High-level Open Videoconference Debate on Mine Action*
Tomorrow morning (8 April), the Security Council is expected to hold a ministerial-level debate via videoconference on “Mine action and sustaining peace: Stronger partnerships for better delivery”, under the maintenance of international peace and security agenda item. Viet Nam’s incoming Foreign Minister, Bùi Thanh Sơn, will chair the meeting. The expected briefers are Secretary-General António Guterres; Ambassador Stefano Toscano, the Director of the Geneva International Centre for Humanitarian Demining; Nguyen Thi Dieu Linh, Manager of “Project Renew” (an all-women demining team) at the Norwegian People’s Aid in Viet Nam; and UNDP Goodwill Ambassador Michelle Yeoh. In addition, actor Daniel Craig, a UN Global Advocate for the Elimination of Mines and Explosive Hazards, will deliver a pre-recorded video message before the start of the meeting.
A presidential statement initiated by Viet Nam—which passed silence earlier this evening (7 April)—is an expected outcome of the debate.
The concept note circulated by Viet Nam ahead of the debate highlights the continued threat posed by landmines, improvised explosive devices (IEDs) and explosive remnants of war (ERW) to civilians, peacekeeping operations, and humanitarian efforts. It argues that these threats remain overlooked compared with other issues on the Council’s agenda. According to the concept note, tomorrow’s debate can serve as a platform to identify new threats and challenges posed by landmines, IEDs and ERW and to discuss measures for better coordination on an international, regional and national level to meet the needs of affected communities and countries.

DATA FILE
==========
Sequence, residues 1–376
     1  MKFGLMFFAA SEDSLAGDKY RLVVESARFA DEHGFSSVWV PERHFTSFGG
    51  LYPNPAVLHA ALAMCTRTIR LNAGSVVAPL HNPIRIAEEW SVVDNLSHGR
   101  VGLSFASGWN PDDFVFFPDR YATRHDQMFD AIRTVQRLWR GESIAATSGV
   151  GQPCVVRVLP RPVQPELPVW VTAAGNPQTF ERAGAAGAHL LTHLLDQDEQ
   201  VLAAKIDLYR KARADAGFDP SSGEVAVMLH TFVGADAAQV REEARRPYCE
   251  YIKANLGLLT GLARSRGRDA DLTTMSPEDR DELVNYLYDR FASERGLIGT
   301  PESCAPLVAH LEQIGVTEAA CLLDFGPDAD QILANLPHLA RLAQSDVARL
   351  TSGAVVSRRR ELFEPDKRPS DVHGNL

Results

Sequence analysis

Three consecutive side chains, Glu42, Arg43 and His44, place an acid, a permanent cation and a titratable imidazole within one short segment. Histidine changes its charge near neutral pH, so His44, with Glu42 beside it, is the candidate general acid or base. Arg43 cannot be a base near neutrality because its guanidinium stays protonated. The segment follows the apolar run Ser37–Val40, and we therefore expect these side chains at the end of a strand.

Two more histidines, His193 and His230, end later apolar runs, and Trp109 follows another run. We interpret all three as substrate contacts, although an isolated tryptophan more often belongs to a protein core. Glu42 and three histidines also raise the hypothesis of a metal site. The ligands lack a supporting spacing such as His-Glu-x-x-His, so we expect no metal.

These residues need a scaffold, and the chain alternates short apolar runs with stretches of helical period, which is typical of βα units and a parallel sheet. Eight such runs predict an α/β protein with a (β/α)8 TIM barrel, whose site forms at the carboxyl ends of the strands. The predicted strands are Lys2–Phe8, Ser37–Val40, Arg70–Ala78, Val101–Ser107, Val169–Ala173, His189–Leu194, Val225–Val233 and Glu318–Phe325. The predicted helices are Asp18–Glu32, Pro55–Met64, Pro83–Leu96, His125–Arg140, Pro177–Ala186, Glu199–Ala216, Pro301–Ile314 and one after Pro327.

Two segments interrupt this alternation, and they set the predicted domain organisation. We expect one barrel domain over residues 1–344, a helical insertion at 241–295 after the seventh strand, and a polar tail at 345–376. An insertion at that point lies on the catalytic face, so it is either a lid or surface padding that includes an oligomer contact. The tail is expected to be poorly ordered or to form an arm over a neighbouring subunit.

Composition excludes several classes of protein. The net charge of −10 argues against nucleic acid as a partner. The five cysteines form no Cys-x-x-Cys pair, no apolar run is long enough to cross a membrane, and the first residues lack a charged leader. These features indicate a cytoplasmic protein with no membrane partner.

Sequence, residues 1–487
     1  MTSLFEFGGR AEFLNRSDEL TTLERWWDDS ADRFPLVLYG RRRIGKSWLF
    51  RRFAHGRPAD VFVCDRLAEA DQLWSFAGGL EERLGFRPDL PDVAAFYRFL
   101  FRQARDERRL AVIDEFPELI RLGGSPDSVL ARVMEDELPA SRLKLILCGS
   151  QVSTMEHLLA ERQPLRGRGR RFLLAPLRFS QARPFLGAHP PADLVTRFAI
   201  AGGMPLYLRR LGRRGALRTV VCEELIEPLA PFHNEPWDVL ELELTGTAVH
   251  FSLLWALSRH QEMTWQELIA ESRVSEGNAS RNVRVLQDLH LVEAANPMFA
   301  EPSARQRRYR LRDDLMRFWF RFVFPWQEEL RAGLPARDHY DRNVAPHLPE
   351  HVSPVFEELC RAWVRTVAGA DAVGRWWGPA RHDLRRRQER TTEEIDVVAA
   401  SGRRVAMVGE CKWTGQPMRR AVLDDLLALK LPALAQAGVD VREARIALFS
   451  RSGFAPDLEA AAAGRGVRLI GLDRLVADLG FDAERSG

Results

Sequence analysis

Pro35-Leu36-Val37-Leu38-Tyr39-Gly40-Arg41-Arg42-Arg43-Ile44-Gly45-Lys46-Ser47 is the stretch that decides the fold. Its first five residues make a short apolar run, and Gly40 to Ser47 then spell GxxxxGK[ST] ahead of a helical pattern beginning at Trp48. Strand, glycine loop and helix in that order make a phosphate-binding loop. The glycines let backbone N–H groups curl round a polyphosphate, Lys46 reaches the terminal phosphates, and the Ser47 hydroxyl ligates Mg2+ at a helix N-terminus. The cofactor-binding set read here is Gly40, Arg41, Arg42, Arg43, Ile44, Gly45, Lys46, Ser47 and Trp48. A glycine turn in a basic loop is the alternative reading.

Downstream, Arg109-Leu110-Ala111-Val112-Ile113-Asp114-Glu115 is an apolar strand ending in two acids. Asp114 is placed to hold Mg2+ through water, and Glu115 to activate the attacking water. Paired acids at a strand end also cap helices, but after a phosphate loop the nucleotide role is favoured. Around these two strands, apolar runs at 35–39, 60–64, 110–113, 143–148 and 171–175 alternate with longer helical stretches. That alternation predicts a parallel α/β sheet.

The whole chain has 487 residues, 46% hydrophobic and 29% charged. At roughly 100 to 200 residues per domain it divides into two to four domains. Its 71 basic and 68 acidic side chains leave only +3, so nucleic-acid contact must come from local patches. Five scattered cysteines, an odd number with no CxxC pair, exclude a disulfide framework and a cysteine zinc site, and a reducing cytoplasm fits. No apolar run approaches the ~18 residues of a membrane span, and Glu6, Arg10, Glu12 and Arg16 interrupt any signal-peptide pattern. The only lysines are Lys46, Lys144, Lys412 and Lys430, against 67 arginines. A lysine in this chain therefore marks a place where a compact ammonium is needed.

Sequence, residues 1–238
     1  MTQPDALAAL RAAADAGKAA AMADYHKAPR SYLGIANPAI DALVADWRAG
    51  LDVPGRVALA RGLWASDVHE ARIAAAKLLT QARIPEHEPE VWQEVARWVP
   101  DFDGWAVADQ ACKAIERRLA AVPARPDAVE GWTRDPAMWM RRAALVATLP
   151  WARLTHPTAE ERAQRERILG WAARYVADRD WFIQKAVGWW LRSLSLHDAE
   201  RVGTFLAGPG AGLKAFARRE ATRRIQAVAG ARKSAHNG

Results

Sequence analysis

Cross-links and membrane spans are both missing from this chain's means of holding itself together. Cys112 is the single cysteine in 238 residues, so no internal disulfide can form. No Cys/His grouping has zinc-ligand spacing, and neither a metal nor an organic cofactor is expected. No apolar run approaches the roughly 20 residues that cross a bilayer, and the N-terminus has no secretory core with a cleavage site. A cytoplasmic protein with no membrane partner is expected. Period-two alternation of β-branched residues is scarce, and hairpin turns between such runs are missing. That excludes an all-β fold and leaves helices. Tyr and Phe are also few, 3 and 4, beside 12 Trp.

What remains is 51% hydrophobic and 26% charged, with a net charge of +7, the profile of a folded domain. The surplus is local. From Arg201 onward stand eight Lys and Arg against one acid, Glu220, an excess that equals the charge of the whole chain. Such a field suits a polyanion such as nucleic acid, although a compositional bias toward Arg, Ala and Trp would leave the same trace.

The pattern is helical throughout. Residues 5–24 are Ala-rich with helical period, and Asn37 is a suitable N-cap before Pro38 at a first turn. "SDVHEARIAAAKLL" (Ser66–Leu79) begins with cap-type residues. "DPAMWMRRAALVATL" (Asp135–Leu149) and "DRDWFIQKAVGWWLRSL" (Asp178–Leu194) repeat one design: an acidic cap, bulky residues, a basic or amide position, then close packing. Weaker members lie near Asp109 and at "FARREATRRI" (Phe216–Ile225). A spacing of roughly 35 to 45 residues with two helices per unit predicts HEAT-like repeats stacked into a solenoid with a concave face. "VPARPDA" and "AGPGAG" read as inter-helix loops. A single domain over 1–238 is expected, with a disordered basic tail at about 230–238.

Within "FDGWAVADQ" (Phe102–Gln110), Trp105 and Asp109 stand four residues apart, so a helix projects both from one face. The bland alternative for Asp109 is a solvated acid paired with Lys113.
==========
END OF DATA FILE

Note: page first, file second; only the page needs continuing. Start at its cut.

The role of mine action in peacekeeping operations is expected to be a significant focus of the meeting. The Council regularly addresses issues related to the threat posed by IEDs—often alongside mine action—in specific peace operation mandates. More recently, the Council discussed the threat of IEDs to peacekeeping operations in an Arria-formula meeting which took place on 26 March and was co-hosted by Kenya, China, Estonia, France, Ireland, Mexico, Niger, Norway, Saint Vincent and the Grenadines, Tunisia, the United Kingdom, the United States, and Viet Nam.
Resolution 2365 of 30 June 2017—the first thematic Security Council resolution on mine action—emphasised the importance of providing relevant equipment and training to peacekeeping operations to reduce the threat posed to them by landmines, IEDs and ERW. The resolution also underscores the need to consider mine action during the earliest stages of planning and programming in peacekeeping operations. At tomorrow’s meeting, the Secretary-General may provide updates on progress made since the adoption of resolution 2365, including on how training for UN peace operations has contributed to mitigating the threats posed by IEDs. Council members who are also troop contributing countries, such as India, may share their experiences regarding the pre-deployment training that they provide to their troops to address these threats. Some may also highlight the UN’s role in providing post-deployment, in-theatre training for peacekeepers to address country-specific challenges.
The briefers and several Council members are also likely to call for a gender- and age-sensitive approach to mine action. Nguyen may describe her experiences working in the field and underscore the importance of increasing women’s participation in mine action. The Secretary-General may elaborate on the role that youth can play in de-mining and awareness-raising activities to contribute to peacebuilding in their communities. Some speakers may also emphasise that mine action programmes should address the impact of landmines, IEDs and ERW on youth, children and people with disabilities. In this regard, some may highlight the need for increased attention to victim assistance and rehabilitation.